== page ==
Plain grains like rice are fine histamine-wise, although some people avoid grains as they’re thought to be “inflammatory” (I’m not sold on that idea personally as I eat grains and my inflammatory markers have always been excellent).

      Jak x

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  25. Kathy

    Hi Elena! This blog is really helpful. I can eat rice…but only if it is the stripped down “bad” for you rice (i.e. white). The “good” rice I have problems with. At this point, white rice is about the only grain I feel safe to eat. I had a nasty reaction last night, which ultimately resulted in an epi-pen, so I am back on the band-wagon. ANY form of pepper(s) will give me problems, and I had a small handful of barbeque-flavored chips. THEN I went to our local ice-cream parlor and had a small scoop of chocolate-chip mint ice-cream. THEN I had a handful of macademia nuts. Several hours later, I am on the floor by the toilet, sweat pouring off me, lower ab cramping, blood pressure nose-diving. Thank God for Epi-pens. So this morning, I ate a small bowl of Rice Chex to take my anti-histamines with, and am sipping on Chamomile tea. I should have known better. Thanks for your blog!

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  26. notjustadizzyblonde

    This doesn’t match other low histamines diets. For example I’ve been told by my naturopath today that bananas are OUT. I would suggest any readers of this article do some thorough research before embarking on a food plan – any restrictive food plan.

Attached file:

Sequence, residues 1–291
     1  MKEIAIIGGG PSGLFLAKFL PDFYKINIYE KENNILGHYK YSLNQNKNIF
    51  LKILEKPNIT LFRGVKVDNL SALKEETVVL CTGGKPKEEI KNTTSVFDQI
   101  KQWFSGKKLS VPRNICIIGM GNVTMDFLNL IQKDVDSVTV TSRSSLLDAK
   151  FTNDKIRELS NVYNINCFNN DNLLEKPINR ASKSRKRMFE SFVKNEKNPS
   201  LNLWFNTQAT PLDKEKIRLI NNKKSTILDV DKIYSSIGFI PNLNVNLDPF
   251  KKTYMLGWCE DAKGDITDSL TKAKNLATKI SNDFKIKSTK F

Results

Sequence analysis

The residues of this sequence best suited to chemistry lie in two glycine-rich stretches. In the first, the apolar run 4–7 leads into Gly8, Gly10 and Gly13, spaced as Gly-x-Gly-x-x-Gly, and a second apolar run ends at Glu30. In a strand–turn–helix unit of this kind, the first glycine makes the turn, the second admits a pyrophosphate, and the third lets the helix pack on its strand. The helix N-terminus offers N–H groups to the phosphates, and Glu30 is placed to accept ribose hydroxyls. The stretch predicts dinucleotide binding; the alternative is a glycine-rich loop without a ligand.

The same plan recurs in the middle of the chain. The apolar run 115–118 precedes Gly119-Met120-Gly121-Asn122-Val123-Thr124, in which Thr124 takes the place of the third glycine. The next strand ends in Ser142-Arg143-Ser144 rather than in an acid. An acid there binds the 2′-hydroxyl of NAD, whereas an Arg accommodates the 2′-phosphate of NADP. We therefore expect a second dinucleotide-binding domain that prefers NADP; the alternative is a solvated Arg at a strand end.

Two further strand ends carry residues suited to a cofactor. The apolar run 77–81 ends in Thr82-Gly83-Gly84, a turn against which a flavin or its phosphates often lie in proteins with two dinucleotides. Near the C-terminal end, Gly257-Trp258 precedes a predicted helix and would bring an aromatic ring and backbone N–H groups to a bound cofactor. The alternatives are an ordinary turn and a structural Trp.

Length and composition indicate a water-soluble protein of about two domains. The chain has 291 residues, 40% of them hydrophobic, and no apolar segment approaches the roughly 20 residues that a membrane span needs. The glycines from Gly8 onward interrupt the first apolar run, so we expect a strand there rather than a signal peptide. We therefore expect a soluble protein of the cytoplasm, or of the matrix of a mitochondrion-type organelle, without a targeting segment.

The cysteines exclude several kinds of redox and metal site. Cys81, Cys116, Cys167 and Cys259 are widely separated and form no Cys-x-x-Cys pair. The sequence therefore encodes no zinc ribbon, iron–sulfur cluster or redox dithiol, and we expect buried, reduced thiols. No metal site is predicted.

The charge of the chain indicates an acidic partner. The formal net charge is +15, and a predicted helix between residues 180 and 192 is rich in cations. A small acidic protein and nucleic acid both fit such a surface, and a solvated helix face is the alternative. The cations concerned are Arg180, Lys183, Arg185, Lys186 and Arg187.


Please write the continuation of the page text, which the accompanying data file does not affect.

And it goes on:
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    1. bertieandme Post author

      Thanks for your comment, unhelpful as it was. You obviously missed this bit before making your observation:
      “this blog covers my personal journey with mast cell disease. I’m not advocating that you should follow the diet I follow, or that my diet is perfectly low histamine – it clearly is not. I tried a basic low histamine diet because I was having awful reactions every time I ate. Only 4 months into the diet these reactions no longer happened. This particular diet works for me – it may not be right for you (for more detailed reasons on the diet I follow see this blog post http://mastcellblog.wordpress.com/2013/11/06/whattoeat/ and my personal thoughts on low histamine food lists here http://mastcellblog.wordpress.com/2013/07/21/histaminediets/).

      This isn’t an “article” it’s a personal blog following my own person journey. I’m not offering advice to anyone, just saying what *I* do. If you don’t like it read someone elses blog you like better.

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  27. Layla